Perhaps you need to spell why you dont "beleive" in Milankovich cycles since the cycles themselves are extremely well observed in astronomy and the effect of the cycles on the insolation hitting the earth is readily calculated. Ie this is not some hand-wavy speculation. From memory, Milankovich did the calculations by hand while in prison so not too daunting. The detail of the maths and the results are detailed here (among many other places) - see bottom of the page.

    The match of the variation of insolation at 65N from Milankovich and the glacial cycle as revealed from ice cores and benthic forams is extraordinary. Any competing theory would need to do at least as well.

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  5. mkrichew @32elsewhere,

    The inclination of our slightly-less-than-round Earth doesn't appear to impact the area subject to insolation by very much. The Earth's dimensions are given as a polar minimum radius of about 6,357 km and an equatorial maximum radius of about 6,378 km. If we were to consider the Earth as an elipsoid with these dimensions, its area facing-the-sun with a pole pointing at the sun would be just 0.3% greater than with the tropics-facing-the-sun but that would be assuming the axis is tilting through 90º relative to the sun and staying there throughout the year. Yet the actual change in tilt is nothing like 90º and is only fully acting at the solstices.

    The tilt varies between 22º & 24½º through its 40,000 year cycle, so just a 2½º variation, and that inclination is achieved relative to the sun only at the solstices, twice a year. So the increase in Earthly area facing the sun would vary by perhaps (0.3% x 3% x 70% =) 0.006% or a forcing of  very roughly  0.015Wm^-2. That's only about 4-months-worth of AGW so not exactly significant. And bear in mind the bigger winter/summer temperature range at the two poles resulting from any increase in tilt. That would firstly see more energy leaking away into space (as the energy loss to space is T^4 so a constant temperature is more energy-efficient than hot-summer:cold-winter) and secondly the albedo change from the greater area of winter snow will reduce solar warming. These two cooling effects should well-exceed the warming from the greater earthly area catching the sun from there being a greater axial tilt.

    (Note also the calculated effect of orbital eccentricity in the link @54 is 0.167%, some 30x greater. Even with this larger increase in insolation leads John Baez to the conclusion "if changes in eccentricity are important in glacial cycles, we have some explaining to do.")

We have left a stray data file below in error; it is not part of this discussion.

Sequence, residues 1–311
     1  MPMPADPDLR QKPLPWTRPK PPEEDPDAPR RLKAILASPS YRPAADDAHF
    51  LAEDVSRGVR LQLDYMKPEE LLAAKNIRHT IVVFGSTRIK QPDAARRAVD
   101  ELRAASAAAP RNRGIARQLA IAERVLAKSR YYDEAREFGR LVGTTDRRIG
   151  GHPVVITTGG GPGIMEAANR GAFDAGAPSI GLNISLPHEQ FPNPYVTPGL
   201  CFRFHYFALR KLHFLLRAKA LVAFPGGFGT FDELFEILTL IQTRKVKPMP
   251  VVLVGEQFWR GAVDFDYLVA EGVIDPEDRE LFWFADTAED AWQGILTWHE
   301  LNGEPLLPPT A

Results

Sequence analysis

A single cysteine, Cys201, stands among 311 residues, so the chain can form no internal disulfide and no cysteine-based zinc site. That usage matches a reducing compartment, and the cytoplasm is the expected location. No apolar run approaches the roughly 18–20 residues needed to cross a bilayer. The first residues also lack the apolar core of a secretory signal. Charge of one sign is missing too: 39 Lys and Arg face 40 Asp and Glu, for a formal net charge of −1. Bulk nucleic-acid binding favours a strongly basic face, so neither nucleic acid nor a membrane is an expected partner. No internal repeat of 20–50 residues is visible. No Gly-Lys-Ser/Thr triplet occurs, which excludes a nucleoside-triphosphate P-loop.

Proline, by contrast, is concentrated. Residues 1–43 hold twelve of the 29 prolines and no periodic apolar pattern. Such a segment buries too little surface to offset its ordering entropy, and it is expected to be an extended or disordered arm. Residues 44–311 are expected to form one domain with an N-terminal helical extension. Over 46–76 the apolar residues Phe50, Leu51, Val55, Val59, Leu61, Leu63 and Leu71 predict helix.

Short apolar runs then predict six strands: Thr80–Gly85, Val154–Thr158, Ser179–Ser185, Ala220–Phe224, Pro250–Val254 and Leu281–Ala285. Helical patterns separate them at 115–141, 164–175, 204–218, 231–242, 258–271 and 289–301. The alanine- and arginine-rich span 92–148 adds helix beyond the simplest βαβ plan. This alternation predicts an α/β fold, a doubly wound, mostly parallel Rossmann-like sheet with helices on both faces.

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  6. April Milankovitch thoughts

    1. What is the area of the elipse vs. the area of the circle that the earth's orbit makes?

    2. What different areas does the earth's elipsoidal shape present to the sun or hemispherical shape?

    3. Somewhere I read that previous to our current hundred thousand year trend for ice age cycles ( matching the eccentricity cycle ), there was a 41 thousand year cycle of ice ages ( matching the obliquity cycle ) but I did not see a reference ( which does not matter as I cannot access a library due to the pandemic ).

    So, why am I asking these questions? As you may have guessed, I am not a great fan of the Milankovitch cycle theory of ice age cycles. I have my own theory which asks "Where does all this CO2 come from in the past cycles?" The Mike Krichew Theory says that it comes from the oceans. This means the oceans must have warmed. What would cause them to warm? I suggested the tail of a comet might provide the increasing insolation to slightly warm the ocean and increase the atmospheric concentration of CO2 near sea level as warming sea water gives off CO2. This increased CO2 level would warm the atmosphere slightly which would slightly warm the ocean resulting in the release of more CO2 causing more atmospheric warming etc. This might explain the lag between warming and CO2 levels that opponents to worrying about greenhouses gases are quick to point out. The rest of my theory states that at some point the CO2 levels in the upper atmosphere reach a point where they capture the suns rays up there and radiate the heat out into space. This assumes the excess energy of a CO2 molecule is disapated by electron cascading rather than molecular collisions. Having said all this, then why am I asking the questions about orbital elipse size and earth cross sectional area at various points in the spin cycle of the earth.? If I were a rich scientist, I should be releasing weather weather balloons at statistically significant points in the Pacific ocean and measuring the CO2 levels at different altitudes. Unfortunately, I lack the funding. Maybe someone has already done this? The reason I am asking the questions is that in looking at the Vostok ice core graphs or the benthic graphs, it is hard to imagine coming up with modelling equations that would match the steep slope at the start of the warming cycle. The same can be said of Milankovitch cycles. I looked into magnetic pole flips and crons were just not in the picture.